NFTs are rapidly becoming popular in the creative and gaming worlds. They are particularly beloved by those who have entered the crypto-world and already understand the workings of cryptocurrencies like Bitcoin and Ethereum. Modern-day artists, in particular, have found a whole new audience for digital art backed by NFTs.
As we found in our The State of the Creator Economy report, creators can use NFTs as ways to recognize achievements and otherwise highlight their relationship with their fans. They also provide a means of equity ownership for creators, with NFTs being unique digital items like collectibles, artworks, badges, and stickers. We have even discovered a surprisingly large number of NFT marketplaces where creators can sell their NFTs.
But, like many new things in this digital age, the average person is still uncertain about NFTs, and indeed may never have heard of them at all. So, what is an NFT, and how do they work?
What is an NFT?
NFT stands for non-fungible token, a type of unique digital asset whose ownership is managed on a blockchain. Although most NFTs are inherently digital, you can use NFTs to track physical assets as well. Typical examples of NFTs include digital artworks, in-game items in videogames, unique collectibles, and even some domain names.
The essential feature of any NFT is that it is unique. Although a creator can choose to have near-multiple identical copies of an NFT, each has to be distinguishable somehow.
The original NFTs had their ownership managed on the Ethereum network (a competitor to the better-known Bitcoins.) However, there are now multiple blockchain standards that those wishing to mine (create) NFTs can use. At its heart, an NFT is just a digital representation of something unique that uses a smart contract platform to prove that it is genuine.
Note that not everything recorded on blockchains are NFTs. Remember that NF stands for non-fungible. Fungible tokens are items that are alike, e.g., one Bitcoin is the same as another Bitcoin. Old-style currency is also fungible – one $1 note is the same as another $1 note. Indeed $1 in the bank is the same as that $1 note.
We have had non-fungible digital assets for years. Domain names are a classic example – every domain name is different. When you buy a domain name, you have purchased the ownership of that specific URL. If you purchase an event ticket online, you are buying the right to a particular seat at a specific time. For some time, you have been able to make in-app purchases in games. For example, if you are a Fortnite player, you might have to pay to purchase a particular skin.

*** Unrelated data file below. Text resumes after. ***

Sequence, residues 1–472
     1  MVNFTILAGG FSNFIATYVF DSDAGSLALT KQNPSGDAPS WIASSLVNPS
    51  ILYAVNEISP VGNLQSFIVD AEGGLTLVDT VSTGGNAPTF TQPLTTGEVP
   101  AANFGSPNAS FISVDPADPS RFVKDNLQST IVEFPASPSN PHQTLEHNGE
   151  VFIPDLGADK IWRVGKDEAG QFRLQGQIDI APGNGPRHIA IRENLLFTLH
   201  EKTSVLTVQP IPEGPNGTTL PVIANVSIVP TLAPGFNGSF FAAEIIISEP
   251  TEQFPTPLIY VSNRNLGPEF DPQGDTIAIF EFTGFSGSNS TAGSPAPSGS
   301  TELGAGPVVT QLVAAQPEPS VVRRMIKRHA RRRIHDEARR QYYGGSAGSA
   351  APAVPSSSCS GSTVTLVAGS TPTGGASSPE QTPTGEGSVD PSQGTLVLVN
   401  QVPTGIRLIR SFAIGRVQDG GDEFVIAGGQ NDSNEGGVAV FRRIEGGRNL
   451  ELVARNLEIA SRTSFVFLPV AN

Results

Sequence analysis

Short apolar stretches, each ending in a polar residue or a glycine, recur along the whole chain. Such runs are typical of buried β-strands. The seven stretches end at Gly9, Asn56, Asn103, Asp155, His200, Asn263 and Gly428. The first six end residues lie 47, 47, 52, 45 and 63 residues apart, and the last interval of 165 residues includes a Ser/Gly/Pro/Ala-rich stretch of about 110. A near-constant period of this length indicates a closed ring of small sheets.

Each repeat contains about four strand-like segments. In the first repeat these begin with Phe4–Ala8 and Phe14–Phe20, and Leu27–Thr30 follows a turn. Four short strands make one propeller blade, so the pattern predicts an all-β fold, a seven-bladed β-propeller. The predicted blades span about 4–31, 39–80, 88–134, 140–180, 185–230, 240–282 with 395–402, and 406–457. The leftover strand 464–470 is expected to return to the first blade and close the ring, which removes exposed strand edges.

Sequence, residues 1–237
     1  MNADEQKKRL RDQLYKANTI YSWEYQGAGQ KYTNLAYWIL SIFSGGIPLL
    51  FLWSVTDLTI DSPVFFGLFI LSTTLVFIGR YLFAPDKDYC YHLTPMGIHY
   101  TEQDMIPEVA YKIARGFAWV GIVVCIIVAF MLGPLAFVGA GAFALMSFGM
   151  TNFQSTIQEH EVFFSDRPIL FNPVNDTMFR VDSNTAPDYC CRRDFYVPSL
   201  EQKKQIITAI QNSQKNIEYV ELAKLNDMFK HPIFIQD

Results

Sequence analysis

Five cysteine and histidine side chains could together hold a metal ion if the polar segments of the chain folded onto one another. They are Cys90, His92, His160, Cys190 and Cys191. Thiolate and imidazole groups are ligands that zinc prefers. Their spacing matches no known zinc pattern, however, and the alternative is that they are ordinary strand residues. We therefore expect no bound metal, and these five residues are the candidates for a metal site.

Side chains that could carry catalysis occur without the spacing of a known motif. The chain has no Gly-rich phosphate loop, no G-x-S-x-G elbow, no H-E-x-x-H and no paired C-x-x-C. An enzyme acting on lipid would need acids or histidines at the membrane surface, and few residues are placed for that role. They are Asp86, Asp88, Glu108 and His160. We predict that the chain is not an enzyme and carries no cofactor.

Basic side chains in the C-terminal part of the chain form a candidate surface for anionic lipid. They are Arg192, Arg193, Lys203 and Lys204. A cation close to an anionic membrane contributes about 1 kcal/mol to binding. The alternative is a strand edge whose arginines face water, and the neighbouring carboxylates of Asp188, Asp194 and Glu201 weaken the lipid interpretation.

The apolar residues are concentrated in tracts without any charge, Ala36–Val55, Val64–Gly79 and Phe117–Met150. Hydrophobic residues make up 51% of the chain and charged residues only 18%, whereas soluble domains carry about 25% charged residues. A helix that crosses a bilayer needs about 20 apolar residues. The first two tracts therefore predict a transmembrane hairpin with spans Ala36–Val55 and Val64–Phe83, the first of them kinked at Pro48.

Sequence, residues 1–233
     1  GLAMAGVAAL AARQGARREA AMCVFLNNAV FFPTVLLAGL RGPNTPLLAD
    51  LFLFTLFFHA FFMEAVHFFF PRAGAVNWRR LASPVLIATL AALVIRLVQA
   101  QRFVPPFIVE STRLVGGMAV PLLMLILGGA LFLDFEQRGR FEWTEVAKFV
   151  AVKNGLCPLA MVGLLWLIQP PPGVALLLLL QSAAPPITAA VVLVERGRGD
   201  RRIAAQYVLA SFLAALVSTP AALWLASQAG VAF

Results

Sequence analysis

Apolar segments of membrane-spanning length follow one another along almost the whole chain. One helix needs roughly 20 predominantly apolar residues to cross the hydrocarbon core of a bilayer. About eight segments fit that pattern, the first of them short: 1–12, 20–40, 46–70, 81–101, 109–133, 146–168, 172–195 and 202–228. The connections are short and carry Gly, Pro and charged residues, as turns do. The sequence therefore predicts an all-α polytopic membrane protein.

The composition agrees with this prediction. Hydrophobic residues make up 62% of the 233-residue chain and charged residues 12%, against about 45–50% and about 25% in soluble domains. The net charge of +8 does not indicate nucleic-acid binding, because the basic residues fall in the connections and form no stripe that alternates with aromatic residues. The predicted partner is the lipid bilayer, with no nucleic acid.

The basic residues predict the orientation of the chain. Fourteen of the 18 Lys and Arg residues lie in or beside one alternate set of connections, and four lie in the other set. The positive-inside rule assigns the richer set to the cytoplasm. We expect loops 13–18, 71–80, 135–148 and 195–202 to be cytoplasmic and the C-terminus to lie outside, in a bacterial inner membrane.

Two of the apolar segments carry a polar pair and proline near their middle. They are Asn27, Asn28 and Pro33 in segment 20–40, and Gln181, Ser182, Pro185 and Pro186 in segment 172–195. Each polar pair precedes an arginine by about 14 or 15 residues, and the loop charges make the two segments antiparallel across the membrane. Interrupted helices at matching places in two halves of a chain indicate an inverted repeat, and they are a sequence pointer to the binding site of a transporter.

The problem with many of these digital assets is that they can be difficult to resell. You will find some secondary markets; for instance, you might be able to sell your event ticket online. However, it is much harder to find a market to sell your Fortnite skin, for instance. The arrival of NFTs has made it much easier to establish ownership and find a ready market to sell your digital assets. The digital information included for one NFT will always differ from that for another, even if the two NFTs look similar on the surface.
How do NFTs Work?
It is best to think of a blockchain as a special kind of database that stores data in groups (known as blocks), digitally chained together. Each block of data has a limited capacity, and when that capacity becomes full, additional data goes into another block, chained to the original. Ultimately, all the chained blocks create a long history that remains permanent. So, for example, every time an NFT sells, the new ownership details get added to a new chain in the blockchain, ensuring that the history of that NFT remains intact and ownership is secure.
NFTs have one significant advantage: by being backed by something already known as finance-related (for example, Ethereum), there are existing mechanisms for issuing, recording, and trading them. They have many of the same advantages that crypto currencies have. They are borderless and comparatively easy to create and then to transfer ownership.
Each NFT token has a unique identifier. They are not directly interchangeable with other tokens. Each has an identified owner and can be bought and sold on a relevant blockchain marketplace.
Creators set the level of scarcity for an NFT. In some cases, the creator of an NFT may choose to mine multiple replicas. For example, if you mine NFTs as tickets to an event, each ticket will essentially be identical, apart from the seat number and the event’s date/time. You could, however, mint tickets at different levels for different types of seats. Or you could choose to make each ticket wholly different and a collector’s item. Each distinct NFT, however, has a unique identifier. Some NFTs are even programmed to automatically pay royalties to their creator each time they sell.
NFTs in Gaming
There have been digital add-ons in games for years, but they have tended to be localized to individual development companies. However, we are now seeing an increase in NFTs in gaming. For example, Steam has a Community Market where members can sell items to each other for Steam Wallet funds. These are in-game items for games like Counter-Strike: Global Offensive, DOTA, and Rust.
One of the earliest examples of NFTs in gaming was CryptoKitty, which allowed the purchase and subsequent ‘breeding’ of digital cats. Each of these digital cats was different, and some sold for as high as $200,000.
In Dark Forest, you explore different planets and collect Artifact NFTs on new worlds. You can also win these Artifacts in battles and trade them in decentralized marketplaces.